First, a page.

Is your asthma under control? If you're like most people, you probably think it is. You feel OK most of the time, so you usually don't need medicine. When your asthma flares up, a puff from your trusty emergency inhaler solves the problem -- most of the time, at least.
But experts say that if you have persistent asthma and you're only treating it during attacks, you're not controlling it at all. Anyone who has asthma symptoms more than twice a week during the daytime, or more than two nights a month, should talk to their doctors about preventive treatment.
When asthma symptoms are in high gear and the wheezing and coughing sets in, it's the inhaler to the rescue -- the rescue inhaler, to be exact. If you have asthma, your rescue inhaler should be among the first things you reach for when you leave the house, along with your wallet and car keys.
How do rescue inhalers work, and why are they such a crucial part of managing asthma? WebMD consulted the experts to learn more about rescue inhalers, and the important role they play in asthma treatment.
"A lot of people have this attitude that they don't need to worry about their asthma unless they're having an attack," says Timothy Craig, DO, professor of medicine and pediatrics at Penn State University. "The rest of the time, they ignore it."
Asthma: An Ever-Present Disease
Asthma is a chronic, incurable disease. Even when you feel well, your asthma hasn't gone away. Even if you can't feel it, your airways might still be inflamed. Treating persistent asthma with only occasional puffs from a rescue inhaler is like dealing with a leaky pipe in your basement by mopping up the water on the floor. You're only thinking about the symptom and not treating the underlying cause. Over time, if asthma isn't well controlled it can damage your airways permanently.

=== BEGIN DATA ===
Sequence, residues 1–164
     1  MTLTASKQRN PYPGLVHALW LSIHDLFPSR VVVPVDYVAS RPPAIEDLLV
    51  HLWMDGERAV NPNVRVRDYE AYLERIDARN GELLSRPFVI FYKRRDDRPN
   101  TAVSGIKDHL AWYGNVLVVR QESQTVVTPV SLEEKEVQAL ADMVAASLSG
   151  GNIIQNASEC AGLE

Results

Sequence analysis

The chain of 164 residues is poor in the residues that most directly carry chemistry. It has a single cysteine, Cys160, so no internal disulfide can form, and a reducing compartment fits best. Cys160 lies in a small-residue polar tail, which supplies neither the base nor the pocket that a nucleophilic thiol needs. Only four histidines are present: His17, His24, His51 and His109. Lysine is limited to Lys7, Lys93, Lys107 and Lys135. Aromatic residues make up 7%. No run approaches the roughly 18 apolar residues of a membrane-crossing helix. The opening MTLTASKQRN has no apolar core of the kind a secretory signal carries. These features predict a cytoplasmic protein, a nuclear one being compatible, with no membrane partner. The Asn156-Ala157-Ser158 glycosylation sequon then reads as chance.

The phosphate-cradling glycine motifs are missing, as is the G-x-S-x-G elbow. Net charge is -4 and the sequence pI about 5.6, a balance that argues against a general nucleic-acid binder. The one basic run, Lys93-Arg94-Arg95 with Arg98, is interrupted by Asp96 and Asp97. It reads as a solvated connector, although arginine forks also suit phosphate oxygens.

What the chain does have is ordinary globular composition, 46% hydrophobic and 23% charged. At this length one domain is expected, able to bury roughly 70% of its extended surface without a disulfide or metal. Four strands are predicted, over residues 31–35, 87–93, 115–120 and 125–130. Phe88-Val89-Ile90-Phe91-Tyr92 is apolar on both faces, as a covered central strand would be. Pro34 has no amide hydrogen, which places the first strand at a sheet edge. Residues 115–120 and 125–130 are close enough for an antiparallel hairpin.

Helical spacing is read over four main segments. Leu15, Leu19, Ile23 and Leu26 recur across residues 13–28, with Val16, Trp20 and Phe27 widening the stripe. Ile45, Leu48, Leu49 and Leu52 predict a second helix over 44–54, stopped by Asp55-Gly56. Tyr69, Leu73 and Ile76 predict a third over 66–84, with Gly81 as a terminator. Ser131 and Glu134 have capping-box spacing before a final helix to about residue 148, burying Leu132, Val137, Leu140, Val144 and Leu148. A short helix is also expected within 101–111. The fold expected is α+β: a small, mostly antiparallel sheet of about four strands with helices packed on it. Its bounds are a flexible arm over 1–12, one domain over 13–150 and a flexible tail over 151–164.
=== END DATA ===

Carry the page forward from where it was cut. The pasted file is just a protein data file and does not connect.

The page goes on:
Yet while damage to the airways may be irreversible, it is not inevitable. The good news is that there is a lot you can do to prevent serious damage from ever developing.
"When asthma gets correctly diagnosed and treated, most people do very well with the conventional medications we have available," says allergist Jonathan A. Bernstein, MD, associate professor of clinical medicine at the University of Cincinnati College of Medicine.
There may not be a cure for asthma, but by sticking to the right treatment -- avoiding triggers and taking your medicine -- you can regain control and live a full and normal life.
How Asthma Affects Your Airways
Asthma is a complicated disease, and doctors don't completely understand its causes. But it has two main components: inflammation and muscle constriction.